Close Look:

In the Studio with Kaleena Stasiak

By April 25, 2020
Kaleena Stasiak, Tote the Weary Load, still from video with found footage from Gone With The Wind, 2016; 7:42, video loop. All images courtesy of Kaleena Stasiak.
Kaleena Stasiak, Hearth, 2018; plywood and particle board, 96” x 108” x 11”.
Kaleena Stasiak, Folly, 2018; Polystyrene, spackle, 48” x 48” x 4”.

Varied forms of making influence each component of artist Kaleena Stasiak’s work, a combination of domestic craft practices such as gourd painting, macramé, quilting, and flag making with more conceptual, formal endeavors in sculpture, printmaking, video art, and performance. Her sculptures resemble matrixes for printmaking, flattened objects that could be inked up for a relief print. In her MFA exhibition at the Georgia Museum of Art in 2018, Kaleena built enlargements of a crown molding, columns, a mantle, and a ceiling medallion, propping them against the walls and placing them precariously on the floor. By enlarging these neoclassical symbols of power, Kaleena makes a mockery of them. In their residential and commercial use today, these architectural features rarely serve their ostensible purposes but are instead purely decorative objects that can be purchased from a hardware store and installed in any home for the sake of style or projection of wealth. Blown-up and funny, the pillars, crown molding, and fireplaces are visually and conceptually flattened to the point of becoming large-scale symbols or emojis.

—Emily Llamazales

Kaleena Stasiak, Rokken, 2017; turned ash spindles and rockers, Golden Oak wood varnish, 54” x 54” x 54”.
Kaleena Stasiak, Now I Lay Me Down To Sleep, 2016; collaged etching on kozo, 22” X 30”.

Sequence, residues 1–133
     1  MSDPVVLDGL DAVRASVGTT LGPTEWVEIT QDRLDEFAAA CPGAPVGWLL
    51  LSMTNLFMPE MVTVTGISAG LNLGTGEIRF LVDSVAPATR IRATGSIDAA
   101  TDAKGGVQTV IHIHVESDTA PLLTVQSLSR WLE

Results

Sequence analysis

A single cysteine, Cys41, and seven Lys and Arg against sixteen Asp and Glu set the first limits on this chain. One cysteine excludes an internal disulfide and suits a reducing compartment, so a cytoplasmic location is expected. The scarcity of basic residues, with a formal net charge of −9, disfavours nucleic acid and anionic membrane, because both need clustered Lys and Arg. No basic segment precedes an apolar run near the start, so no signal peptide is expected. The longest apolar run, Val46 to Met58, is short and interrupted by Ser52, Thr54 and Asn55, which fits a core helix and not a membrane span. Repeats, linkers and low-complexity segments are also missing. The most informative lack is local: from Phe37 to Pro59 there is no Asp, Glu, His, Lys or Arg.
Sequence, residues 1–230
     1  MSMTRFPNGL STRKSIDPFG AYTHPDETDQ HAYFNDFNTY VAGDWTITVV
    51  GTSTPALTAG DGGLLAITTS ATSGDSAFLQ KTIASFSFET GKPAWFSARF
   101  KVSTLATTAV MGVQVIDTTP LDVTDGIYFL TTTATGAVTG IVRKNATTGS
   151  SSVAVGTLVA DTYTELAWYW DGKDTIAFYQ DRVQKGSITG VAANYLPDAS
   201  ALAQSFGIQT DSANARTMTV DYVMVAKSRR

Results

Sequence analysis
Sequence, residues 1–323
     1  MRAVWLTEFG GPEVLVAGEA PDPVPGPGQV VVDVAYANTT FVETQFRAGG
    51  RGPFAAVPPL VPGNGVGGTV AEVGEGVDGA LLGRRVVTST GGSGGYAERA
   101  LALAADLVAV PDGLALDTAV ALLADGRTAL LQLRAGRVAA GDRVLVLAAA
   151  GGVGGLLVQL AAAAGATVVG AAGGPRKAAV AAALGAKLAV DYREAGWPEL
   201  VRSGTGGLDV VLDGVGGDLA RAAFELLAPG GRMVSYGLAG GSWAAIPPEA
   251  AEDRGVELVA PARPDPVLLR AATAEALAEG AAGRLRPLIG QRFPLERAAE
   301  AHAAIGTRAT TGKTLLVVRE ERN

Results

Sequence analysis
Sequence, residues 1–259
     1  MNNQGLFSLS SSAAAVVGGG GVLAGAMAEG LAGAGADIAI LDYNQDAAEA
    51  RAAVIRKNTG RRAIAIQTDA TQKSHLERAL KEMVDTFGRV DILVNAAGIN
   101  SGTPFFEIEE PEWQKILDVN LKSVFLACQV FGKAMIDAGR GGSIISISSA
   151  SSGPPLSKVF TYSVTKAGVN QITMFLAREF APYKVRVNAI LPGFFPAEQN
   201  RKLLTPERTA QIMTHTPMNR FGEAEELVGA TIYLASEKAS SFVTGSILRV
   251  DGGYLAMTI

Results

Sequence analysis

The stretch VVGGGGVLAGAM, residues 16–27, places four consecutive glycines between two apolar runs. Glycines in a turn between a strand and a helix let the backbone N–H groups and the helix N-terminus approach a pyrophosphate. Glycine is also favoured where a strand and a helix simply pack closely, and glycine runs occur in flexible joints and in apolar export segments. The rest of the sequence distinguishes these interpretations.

Kaleena Stasiak, Facade, 2017; plywood and particle board, (2) 96” x 16”.

Historically, pillars and columns have been used architecturally to promote ideals and values, and they were adopted by America’s ‘Founding Fathers’ as a means to promote order, reason, and democracy. I visited some old plantation homes and was overwhelmed by their beauty, the craftsmanship of the crown moulding, and that felt like a distraction from the fact that these homes were built and maintained through the forced labor of enslaved human beings. The ceiling medallion being placed on the floor eluded to photographs of the South taken after the war glorifying it as this site of ruin in such a young country. This ruin of the South was linked to Greek and Roman ruins, romanticizing the ‘Golden Era’ of the South before the Civil War, when it really wasn’t a golden era at all. Unfortunately some movies and tourist sites still refer to it in that way.

Kaleena Stasiak
Kaleena Stasiak, Tote the Weary Load, still from video with found footage from Gone With The Wind, 2016; 7:42, video loop.
Kaleena Stasiak, In-situ, installation shot of The Game Show at the Ware-Lyndon Historic House, 2017.
Kaleena’s home studio during COVID-19 insolation.

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